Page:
TunnelBear VPN Review
TunnelBear was founded in 2011 in Toronto, Canada. Is Canada a good place to start a VPN company? Well, Canada is one of the founding members of Five Eyes, an international surveillance alliance that could force VPNs to hand over people’s data. Okay, so it’s not an ideal location for a VPN, but don’t give up hope. As I’ll discuss below, TunnelBear has a no-logging policy which means they shouldn’t have any data to hand over.
At the moment, TunnelBear has servers in 23 countries around the world. Internet speed is strongly related to your distance from the nearest server. Unlike other VPNs, TunnelBear doesn’t say how many servers they have. That information is nice to have because too many users and not enough servers could mean a slow internet connection. But no worries, as you can look below for my TunnelBear speed test results. For now, let’s see what kind of features TunnelBear has to offer us.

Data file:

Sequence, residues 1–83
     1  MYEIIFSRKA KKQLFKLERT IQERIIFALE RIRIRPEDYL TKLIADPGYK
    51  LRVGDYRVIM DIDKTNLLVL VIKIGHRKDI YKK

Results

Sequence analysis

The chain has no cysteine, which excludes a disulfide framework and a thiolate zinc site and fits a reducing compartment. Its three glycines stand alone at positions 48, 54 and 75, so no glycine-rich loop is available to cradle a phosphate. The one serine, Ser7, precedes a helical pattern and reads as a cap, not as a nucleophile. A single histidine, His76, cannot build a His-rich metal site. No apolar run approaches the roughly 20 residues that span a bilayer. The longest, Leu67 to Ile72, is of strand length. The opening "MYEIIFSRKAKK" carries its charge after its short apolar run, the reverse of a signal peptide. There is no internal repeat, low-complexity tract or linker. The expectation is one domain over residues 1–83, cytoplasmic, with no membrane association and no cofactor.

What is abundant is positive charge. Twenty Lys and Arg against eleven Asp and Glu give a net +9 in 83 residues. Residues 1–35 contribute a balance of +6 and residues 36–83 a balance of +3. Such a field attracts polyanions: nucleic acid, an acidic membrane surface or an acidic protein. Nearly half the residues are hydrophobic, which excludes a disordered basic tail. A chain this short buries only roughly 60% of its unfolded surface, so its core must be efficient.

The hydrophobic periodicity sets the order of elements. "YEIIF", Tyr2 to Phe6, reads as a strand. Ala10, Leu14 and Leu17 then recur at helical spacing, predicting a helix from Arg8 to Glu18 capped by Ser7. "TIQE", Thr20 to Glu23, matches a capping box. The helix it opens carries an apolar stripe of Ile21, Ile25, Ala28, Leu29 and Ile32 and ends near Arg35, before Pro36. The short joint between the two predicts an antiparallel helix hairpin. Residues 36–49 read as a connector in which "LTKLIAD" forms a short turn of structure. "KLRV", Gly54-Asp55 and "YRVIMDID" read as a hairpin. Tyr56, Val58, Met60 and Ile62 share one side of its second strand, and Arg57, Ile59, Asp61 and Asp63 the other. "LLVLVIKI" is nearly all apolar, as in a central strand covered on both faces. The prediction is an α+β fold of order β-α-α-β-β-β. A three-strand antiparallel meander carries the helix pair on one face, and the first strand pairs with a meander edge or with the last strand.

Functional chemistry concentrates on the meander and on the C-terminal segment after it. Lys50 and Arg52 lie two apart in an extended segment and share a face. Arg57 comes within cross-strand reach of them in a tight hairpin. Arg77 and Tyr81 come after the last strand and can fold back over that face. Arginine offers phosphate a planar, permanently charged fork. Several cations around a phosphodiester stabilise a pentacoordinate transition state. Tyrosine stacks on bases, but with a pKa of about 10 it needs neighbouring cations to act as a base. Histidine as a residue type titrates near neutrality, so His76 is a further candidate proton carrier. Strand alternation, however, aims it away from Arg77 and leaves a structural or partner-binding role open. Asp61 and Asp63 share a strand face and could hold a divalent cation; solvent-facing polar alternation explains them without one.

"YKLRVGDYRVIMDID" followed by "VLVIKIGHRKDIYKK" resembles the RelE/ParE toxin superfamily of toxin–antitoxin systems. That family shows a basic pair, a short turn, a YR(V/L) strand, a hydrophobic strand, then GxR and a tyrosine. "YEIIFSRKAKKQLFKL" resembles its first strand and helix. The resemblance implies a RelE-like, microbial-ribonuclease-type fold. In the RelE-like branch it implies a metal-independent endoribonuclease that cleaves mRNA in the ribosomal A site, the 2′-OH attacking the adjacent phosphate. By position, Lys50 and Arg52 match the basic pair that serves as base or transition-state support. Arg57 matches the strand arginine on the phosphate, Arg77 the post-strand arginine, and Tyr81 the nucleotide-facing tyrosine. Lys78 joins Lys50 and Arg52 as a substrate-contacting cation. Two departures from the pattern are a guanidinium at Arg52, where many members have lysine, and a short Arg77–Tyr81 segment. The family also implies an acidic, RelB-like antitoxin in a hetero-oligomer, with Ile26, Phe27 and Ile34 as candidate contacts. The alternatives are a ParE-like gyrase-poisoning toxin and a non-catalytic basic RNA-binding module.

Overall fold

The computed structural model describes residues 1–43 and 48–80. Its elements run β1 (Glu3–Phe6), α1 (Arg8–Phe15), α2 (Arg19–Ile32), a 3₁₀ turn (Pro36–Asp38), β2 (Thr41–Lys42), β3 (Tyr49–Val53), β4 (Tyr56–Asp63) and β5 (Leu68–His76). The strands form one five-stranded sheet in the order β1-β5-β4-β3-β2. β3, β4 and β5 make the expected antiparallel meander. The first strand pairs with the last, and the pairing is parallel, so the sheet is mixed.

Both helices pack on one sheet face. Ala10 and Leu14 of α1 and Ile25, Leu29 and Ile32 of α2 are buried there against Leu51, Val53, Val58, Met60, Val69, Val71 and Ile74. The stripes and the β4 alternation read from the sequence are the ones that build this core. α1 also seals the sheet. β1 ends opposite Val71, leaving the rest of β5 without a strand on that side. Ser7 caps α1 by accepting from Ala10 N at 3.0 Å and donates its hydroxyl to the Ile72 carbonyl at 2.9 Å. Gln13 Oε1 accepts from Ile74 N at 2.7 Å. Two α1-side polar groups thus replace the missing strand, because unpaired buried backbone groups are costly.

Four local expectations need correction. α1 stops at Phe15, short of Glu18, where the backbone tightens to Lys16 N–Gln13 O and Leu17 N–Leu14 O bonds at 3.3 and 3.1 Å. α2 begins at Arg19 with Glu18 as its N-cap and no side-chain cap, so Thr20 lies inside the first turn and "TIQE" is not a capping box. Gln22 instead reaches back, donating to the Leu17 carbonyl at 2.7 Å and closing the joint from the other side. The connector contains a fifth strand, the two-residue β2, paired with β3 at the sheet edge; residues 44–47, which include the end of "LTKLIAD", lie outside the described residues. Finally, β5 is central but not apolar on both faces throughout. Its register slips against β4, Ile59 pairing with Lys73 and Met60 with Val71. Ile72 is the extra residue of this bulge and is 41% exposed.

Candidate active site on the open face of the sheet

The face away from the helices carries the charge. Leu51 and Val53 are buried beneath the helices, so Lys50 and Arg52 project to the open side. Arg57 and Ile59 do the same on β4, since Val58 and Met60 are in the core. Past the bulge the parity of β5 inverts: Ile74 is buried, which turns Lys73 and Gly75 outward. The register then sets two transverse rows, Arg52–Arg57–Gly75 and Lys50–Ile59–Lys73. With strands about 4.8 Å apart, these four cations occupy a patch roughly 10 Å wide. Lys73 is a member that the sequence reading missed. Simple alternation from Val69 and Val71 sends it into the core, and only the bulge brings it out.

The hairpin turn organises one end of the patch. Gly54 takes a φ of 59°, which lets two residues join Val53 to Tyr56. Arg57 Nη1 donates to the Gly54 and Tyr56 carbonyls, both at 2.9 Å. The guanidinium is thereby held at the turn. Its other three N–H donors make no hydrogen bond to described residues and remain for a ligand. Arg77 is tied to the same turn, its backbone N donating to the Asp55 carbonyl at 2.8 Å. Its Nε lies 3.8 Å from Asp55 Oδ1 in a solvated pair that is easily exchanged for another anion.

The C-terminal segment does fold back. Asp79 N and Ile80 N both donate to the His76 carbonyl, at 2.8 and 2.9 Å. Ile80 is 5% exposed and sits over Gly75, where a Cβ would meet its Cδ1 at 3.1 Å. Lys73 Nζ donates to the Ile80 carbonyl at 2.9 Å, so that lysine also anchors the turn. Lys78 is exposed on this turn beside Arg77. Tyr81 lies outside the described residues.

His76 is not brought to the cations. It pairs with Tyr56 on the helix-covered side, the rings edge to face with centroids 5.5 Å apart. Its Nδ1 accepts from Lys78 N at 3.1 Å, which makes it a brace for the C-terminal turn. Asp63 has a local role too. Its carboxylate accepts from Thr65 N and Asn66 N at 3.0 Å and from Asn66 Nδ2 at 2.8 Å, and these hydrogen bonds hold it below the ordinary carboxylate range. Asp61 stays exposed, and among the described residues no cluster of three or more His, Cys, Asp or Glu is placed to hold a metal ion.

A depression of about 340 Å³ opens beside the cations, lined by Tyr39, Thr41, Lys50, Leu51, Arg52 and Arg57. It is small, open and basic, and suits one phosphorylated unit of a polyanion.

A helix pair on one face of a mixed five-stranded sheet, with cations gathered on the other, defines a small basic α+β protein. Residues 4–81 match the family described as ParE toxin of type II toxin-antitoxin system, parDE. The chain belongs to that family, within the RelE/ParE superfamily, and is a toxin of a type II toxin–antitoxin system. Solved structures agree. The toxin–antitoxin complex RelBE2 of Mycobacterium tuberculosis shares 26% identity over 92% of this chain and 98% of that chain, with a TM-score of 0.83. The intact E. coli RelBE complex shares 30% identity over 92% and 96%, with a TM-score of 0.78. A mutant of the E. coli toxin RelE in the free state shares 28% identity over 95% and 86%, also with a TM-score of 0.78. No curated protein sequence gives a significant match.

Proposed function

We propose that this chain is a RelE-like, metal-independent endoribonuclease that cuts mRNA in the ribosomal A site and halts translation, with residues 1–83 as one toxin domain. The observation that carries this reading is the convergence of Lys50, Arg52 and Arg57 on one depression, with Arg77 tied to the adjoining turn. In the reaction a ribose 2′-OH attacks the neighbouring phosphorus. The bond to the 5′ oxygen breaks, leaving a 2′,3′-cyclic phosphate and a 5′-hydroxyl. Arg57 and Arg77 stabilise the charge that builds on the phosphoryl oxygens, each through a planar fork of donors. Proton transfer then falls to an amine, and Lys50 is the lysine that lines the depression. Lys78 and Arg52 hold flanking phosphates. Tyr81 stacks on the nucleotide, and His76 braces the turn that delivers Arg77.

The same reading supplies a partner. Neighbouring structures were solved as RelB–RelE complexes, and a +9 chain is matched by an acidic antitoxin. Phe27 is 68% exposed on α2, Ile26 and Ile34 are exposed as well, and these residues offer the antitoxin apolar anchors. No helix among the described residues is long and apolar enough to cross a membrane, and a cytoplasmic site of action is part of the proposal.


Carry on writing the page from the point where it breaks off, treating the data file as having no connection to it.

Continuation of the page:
TunnelBear has gained a reputation as one of the easiest, most user-friendly VPNs. Indeed, when you switch the TunnelBear VPN to a new location, the little bear tunnels across the screen to the desired region. This is perhaps a little gimmicky, but this fun element serves to make the experience less technical and ease new users into the world of VPNs.
TunnelBear Pros & Cons
- Excellent privacy policies
- Annual independent audits
- Friendly, approachable design
- Browser extensions, including stand-alone ad blocker
- Good speed test results
- Slow speeds
- Based in Canada (Five Eyes)
- No cryptocurrency or PayPal payments
- No refunds
- Small server network
- Not a good choice for torrenting or Netflix
- Limited support
What Is a VPN?
When your VPN is active, your web traffic travels through an encrypted tunnel to a server managed by the VPN service. That keeps your information safe from data thieves and other ne’er-do-wells lurking on public networks. It also helps protect against ISPs selling anonymized metadata about your web habits. When your traffic exits to the web through the VPN server, you appear to have an IP address at that server’s location. This protects your real identity as you browse the web.
Plans and Pricing
There are three versions of TunnelBear available. You can get a basic free-forever option, an Unlimited plan that starts at $3.33 per month, and a Teams subscription that costs from $5.75 per month.